Almost all companies are found online now; in the form of social media accounts, websites, and quite recently, apps. The process of creating a domain name is one you would usually give thought to. This is mostly because it’s likely to be your major form of online identity for a long time, if not forever.
Hence, choosing a domain name takes some thinking and planning, some even changing their startup’s name to suit domain names. Quite recently, I got the opportunity to work on a web development project that required getting a .com.gh domain name. On my recent projects, I’ve had less time wandering since I’ve always stuck to NameCheap with the .com’s. This time, it was different.
The usual thing you’d do when faced with such a Ghanaian-oriented problem is to ask comrades, so I asked the DevCongress Slack room, and I was eager about the answers. One of the most credible answers I got directed me to ghana.com. After visiting their website, it was obvious I would have to call since there was no simple process of buying a domain from them online.
So I called their office — it would cost me GHC105 to register a domain name but I would either have to go to the bank to pay or pay at their office. Definitely, I would want to pay at their office.
I got ready the next day and headed for their office, hoping to get the domain name sorted. I got there and I was told I would have to present my company’s registration documents, and a permission letter from my client authorising me to purchase that domain name! That set me off!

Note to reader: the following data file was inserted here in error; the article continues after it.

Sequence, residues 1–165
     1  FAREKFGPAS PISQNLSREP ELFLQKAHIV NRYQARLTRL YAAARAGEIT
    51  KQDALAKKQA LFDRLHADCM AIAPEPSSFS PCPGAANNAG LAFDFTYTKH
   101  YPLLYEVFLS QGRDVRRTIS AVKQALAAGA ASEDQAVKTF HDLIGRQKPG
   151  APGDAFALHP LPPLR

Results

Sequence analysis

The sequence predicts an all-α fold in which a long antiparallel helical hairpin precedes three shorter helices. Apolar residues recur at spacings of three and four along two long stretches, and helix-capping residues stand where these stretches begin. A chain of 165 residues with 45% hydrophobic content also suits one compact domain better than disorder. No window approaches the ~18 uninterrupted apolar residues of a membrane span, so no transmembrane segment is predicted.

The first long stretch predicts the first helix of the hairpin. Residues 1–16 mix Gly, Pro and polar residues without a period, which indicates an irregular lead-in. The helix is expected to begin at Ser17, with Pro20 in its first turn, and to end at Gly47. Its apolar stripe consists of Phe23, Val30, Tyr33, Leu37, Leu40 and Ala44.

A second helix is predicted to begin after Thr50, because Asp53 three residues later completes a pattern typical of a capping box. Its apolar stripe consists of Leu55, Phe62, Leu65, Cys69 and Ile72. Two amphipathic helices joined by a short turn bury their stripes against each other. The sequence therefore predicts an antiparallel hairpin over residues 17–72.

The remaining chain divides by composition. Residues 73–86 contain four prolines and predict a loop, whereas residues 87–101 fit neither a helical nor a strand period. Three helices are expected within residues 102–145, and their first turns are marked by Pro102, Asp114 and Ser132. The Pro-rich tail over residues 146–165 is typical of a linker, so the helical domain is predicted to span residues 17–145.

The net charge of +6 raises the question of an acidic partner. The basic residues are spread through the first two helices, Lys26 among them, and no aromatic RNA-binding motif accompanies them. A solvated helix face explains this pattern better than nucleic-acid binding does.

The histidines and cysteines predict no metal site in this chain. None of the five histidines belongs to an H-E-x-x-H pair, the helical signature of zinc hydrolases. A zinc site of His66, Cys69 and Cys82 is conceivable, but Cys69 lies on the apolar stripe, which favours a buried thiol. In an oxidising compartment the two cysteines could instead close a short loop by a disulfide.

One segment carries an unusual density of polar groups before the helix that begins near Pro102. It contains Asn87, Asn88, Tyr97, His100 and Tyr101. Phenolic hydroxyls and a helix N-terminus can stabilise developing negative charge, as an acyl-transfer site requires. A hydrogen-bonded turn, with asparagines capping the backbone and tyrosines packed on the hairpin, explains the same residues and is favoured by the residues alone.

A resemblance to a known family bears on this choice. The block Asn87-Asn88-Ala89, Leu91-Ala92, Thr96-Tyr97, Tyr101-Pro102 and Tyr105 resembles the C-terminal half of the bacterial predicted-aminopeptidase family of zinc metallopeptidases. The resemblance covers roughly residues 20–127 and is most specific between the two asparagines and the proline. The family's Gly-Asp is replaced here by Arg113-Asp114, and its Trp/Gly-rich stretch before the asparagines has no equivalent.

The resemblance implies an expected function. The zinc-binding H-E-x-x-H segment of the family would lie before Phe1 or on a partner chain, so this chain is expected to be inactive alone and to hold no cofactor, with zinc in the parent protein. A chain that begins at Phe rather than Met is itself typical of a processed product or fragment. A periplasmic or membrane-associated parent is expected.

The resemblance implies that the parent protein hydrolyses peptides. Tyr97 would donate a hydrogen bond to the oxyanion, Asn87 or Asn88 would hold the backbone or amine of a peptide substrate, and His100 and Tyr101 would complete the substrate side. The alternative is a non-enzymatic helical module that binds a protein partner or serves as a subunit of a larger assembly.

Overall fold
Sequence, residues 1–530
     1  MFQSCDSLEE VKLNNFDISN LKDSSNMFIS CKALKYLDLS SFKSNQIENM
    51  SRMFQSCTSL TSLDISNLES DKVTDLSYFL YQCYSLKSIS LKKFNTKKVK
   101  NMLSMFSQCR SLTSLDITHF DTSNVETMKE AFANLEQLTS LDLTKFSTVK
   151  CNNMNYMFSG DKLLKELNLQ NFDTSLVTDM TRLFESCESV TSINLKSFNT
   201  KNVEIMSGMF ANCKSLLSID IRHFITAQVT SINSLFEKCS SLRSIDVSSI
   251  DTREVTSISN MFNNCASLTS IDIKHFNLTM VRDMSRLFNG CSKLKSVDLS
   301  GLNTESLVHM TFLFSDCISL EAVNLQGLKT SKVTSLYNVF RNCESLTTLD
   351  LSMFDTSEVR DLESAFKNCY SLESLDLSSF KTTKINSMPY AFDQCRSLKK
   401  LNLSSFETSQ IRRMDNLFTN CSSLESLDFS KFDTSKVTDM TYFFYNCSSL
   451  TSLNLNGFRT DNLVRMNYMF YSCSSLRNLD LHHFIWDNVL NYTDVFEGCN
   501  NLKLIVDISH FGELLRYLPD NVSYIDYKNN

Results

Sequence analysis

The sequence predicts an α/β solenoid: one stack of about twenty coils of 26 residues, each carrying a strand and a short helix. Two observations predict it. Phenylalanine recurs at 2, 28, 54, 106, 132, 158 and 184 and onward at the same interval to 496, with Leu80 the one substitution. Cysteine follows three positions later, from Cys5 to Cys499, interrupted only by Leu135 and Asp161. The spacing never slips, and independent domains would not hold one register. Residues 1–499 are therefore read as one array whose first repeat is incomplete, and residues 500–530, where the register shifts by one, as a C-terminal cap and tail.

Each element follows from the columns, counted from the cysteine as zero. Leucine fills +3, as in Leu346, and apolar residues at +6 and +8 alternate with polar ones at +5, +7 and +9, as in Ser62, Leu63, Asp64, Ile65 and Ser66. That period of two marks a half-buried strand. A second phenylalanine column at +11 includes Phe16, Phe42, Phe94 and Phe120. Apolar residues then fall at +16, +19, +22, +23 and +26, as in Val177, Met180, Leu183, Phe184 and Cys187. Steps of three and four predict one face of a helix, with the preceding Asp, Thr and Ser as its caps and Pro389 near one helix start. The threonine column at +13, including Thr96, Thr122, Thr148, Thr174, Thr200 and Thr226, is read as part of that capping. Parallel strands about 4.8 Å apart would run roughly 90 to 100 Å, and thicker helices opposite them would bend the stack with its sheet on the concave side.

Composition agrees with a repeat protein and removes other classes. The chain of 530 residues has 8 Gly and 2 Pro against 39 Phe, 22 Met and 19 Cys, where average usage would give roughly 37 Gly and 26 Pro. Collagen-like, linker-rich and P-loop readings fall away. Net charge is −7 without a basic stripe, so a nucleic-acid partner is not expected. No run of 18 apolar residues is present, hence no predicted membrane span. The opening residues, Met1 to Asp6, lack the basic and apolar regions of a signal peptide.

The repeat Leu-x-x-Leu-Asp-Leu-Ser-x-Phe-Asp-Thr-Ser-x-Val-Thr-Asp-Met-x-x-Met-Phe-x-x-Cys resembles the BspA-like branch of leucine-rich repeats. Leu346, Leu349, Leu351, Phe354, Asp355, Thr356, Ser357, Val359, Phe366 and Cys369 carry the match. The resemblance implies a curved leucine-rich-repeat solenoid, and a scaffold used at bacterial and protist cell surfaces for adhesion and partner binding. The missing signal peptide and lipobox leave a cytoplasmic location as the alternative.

As tempting as it could be to tweet-rant about making such a simple process cumbersome, I decided to swallow humble pie and look for alternatives.
My alternatives led me to web4africa.net, which stated on their website that I could purchase the domain name from them, for $60! So I started the process on their website, but my card was denied, which was very unusual. My client paid up for it with his card and the process started. Before beginning the process of buying the domain, I had read on the web4africa.net website that though the process was started online, they would have to do a manual registration with NCS.
A more surprising discovery I made was that all the domains I searched for, even the popular ones like Tisu, GCB, ending in .com.gh even the Presidency ending in .gov.gh were all credited to NCS, and registered in the name of Dr. Nii Quaynor. All through the process, I wondered if it’s legitimate for this kind of ownership, or should I say, pseudo-ownership on domain names.
Does that mean that even though you have the domain name, it’s still under the care of NCS and can be reclaimed any time? I would think that asking for Company Registration documents suggested that the WHOIs records for that domain would be updated. Apparently not!
So back to my story… After more than 2 weeks of waiting for web4africa.net (which I totally don’t blame them for) and some support tickets, I received notification that the domain has been activated by the registrars.
Getting them to change name servers and add CNAME, A records, is another story, probably for another time.
As we keep advocating for more technological advancement in Ghana, I find that the process of registering a domain could be more simplified and seamless for startups and other businesses. If more registrars are allowed to issue domain names, the better it will be for all.
Now that you have read this, you know where to turn if you don’t want to walk to any office, or send a permission letter from your client but are willing to pay more.
Also published on Medium.